Regaining Trust in Relationship After Addiction

Addiction comes between couples, pushing them so far apart they lose sight of each other; all they can see is addiction. Long after the addict recovers, their partner still suffers. The pain of betrayal, the shock of their addicted partner’s reckless, destructive behavior cuts deep. Their biggest fear of all is that it will happen all over again. How can they ever regain trust?

Regaining Trust in Relationship After Addiction

What partners would understandably like is absolute assurances, which of course are impossible to give. Even with the best of intentions and strongest recovery, realistically relapse occurs, and that is a big part of the problem. Partners often have been handed a hundred promises of change from their addicted partner when they hit crisis, only to have those same promises smashed into a million pieces by their partner’s cravings for their drug of choice. They feel their partner has chosen their addiction over their relationship, love and loyalty. They are left feeling deeply hurt, disposable, unloved, and hyper vigilant to the next betrayal.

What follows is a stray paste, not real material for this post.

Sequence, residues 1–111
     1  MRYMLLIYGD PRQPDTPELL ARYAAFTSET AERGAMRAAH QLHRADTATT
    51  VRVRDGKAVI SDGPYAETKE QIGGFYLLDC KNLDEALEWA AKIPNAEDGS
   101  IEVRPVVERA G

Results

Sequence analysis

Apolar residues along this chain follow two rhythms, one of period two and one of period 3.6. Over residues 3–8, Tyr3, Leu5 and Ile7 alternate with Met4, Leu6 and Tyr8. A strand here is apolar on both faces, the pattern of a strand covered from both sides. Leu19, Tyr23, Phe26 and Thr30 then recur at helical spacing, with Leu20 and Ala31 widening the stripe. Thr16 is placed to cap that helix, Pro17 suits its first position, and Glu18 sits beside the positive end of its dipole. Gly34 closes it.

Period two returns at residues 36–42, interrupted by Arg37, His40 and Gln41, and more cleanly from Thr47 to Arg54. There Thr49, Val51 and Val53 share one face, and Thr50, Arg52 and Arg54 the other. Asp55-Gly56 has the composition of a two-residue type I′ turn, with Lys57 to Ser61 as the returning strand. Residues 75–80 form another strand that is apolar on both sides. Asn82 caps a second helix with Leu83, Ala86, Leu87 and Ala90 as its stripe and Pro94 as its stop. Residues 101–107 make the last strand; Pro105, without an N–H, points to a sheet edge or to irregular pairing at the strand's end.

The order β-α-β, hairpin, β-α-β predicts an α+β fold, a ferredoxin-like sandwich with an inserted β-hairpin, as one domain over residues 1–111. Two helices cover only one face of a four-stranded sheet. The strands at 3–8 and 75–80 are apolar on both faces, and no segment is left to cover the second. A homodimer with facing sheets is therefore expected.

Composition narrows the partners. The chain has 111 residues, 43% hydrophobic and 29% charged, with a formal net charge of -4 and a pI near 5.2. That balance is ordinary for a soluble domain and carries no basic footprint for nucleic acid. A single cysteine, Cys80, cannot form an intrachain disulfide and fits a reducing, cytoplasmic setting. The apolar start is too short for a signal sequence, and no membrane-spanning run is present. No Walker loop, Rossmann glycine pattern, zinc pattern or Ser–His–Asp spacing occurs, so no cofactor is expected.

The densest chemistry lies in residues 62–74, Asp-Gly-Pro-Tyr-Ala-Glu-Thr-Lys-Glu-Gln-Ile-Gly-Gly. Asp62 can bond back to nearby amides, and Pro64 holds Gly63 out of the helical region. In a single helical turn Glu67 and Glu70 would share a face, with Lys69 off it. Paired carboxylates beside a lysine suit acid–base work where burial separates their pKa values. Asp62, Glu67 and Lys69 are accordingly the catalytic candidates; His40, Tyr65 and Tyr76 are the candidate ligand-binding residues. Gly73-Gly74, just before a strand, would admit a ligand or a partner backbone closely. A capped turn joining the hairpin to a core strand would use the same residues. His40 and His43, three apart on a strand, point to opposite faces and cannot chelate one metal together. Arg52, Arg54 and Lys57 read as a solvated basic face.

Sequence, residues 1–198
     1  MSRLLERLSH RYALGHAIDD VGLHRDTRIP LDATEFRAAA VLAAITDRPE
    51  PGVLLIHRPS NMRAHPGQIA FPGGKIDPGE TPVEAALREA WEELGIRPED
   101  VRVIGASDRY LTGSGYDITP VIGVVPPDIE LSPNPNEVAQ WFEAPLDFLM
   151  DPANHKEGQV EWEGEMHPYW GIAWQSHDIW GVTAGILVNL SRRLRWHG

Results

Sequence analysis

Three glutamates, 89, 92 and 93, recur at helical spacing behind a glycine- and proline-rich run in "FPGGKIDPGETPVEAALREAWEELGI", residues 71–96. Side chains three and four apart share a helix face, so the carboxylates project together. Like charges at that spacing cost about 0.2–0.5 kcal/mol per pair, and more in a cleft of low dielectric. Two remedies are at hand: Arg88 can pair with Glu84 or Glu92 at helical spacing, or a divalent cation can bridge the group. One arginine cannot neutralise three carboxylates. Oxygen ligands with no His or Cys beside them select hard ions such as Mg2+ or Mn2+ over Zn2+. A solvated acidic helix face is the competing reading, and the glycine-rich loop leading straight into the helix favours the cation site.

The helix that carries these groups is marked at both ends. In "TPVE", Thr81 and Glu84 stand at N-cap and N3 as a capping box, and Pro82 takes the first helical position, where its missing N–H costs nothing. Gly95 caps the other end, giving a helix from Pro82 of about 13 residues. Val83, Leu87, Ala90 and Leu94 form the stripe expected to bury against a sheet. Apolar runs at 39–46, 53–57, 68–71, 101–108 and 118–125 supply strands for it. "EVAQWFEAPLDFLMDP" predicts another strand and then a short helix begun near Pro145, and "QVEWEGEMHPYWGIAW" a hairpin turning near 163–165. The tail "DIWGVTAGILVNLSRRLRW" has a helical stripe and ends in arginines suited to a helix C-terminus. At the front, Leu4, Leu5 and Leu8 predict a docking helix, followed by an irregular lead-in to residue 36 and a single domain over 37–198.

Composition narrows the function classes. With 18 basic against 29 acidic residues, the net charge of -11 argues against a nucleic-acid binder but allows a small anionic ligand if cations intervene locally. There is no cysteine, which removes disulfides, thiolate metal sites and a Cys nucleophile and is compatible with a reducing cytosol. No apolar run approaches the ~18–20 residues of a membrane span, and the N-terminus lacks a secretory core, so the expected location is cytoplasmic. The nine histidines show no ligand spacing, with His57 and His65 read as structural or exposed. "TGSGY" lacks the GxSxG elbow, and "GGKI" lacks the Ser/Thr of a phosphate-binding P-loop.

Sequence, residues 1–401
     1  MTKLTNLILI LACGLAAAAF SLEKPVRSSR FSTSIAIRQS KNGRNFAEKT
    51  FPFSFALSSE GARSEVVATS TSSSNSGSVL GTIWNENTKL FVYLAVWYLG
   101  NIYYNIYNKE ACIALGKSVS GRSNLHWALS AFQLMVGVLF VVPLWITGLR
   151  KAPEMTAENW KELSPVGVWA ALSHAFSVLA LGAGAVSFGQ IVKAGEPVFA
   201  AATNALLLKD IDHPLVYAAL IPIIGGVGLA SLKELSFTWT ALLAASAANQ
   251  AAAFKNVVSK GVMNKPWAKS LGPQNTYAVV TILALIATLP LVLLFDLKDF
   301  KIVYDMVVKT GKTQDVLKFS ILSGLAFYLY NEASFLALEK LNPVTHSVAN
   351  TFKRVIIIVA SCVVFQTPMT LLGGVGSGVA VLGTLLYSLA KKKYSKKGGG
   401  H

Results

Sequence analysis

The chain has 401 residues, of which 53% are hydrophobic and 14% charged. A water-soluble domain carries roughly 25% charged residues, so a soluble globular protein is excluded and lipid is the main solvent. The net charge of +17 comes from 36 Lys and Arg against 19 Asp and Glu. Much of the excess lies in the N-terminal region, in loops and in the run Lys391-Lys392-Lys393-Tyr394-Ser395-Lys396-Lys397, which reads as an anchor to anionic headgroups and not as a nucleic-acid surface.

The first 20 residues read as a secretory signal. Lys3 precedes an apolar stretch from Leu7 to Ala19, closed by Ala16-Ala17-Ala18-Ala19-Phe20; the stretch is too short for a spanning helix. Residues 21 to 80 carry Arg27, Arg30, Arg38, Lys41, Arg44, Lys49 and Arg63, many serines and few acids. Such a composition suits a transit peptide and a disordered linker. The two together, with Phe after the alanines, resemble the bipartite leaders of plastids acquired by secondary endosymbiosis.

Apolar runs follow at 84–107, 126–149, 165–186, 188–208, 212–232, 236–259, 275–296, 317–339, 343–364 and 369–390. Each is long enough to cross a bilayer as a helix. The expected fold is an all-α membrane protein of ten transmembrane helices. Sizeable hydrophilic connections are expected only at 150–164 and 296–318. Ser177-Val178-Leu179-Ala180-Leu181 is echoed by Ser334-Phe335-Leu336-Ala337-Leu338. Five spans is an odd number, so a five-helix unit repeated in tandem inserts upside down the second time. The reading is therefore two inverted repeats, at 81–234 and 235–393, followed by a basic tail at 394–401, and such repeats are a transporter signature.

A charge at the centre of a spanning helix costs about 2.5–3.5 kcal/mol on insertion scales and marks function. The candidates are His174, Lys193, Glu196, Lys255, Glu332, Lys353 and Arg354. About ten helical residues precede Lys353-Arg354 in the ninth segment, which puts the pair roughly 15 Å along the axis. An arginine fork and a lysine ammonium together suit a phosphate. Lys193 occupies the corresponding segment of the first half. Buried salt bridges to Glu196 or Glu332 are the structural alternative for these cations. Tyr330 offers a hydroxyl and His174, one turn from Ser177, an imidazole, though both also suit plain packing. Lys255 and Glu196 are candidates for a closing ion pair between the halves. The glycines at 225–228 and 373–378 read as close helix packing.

An issue for the addict in recovery is frustration. For their partner, the issue is fear.

Quote from a recovering addict: “I’ve had enough. No matter what I do she never believes that I’ve stopped. She watches every move I make, questions me all the time. I might as well be addicted again, if I’m going to be accused of it anyway!”

Quote from a partner of recovering addict: “He just says what he thinks I want to hear. I’ve heard it all before. If I trust him, I’m just leaving myself vulnerable and next time, and there will be a next time, there always is. I will be hurt all over again.”